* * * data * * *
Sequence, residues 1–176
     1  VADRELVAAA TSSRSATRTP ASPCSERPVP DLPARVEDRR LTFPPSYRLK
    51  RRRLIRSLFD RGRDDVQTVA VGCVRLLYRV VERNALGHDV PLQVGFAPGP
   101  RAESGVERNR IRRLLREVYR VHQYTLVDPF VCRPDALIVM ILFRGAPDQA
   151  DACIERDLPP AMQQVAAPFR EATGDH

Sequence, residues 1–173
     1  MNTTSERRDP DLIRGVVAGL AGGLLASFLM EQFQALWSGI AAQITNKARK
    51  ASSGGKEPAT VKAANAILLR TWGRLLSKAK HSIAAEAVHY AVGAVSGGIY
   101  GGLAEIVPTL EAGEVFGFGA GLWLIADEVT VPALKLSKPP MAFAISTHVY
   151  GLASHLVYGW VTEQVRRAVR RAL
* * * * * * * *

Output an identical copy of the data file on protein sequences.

Sequence, residues 1–176
     1  VADRELVAAA TSSRSATRTP ASPCSERPVP DLPARVEDRR LTFPPSYRLK
    51  RRRLIRSLFD RGRDDVQTVA VGCVRLLYRV VERNALGHDV PLQVGFAPGP
   101  RAESGVERNR IRRLLREVYR VHQYTLVDPF VCRPDALIVM ILFRGAPDQA
   151  DACIERDLPP AMQQVAAPFR EATGDH

Sequence, residues 1–173
     1  MNTTSERRDP DLIRGVVAGL AGGLLASFLM EQFQALWSGI AAQITNKARK
    51  ASSGGKEPAT VKAANAILLR TWGRLLSKAK HSIAAEAVHY AVGAVSGGIY
   101  GGLAEIVPTL EAGEVFGFGA GLWLIADEVT VPALKLSKPP MAFAISTHVY
   151  GLASHLVYGW VTEQVRRAVR RAL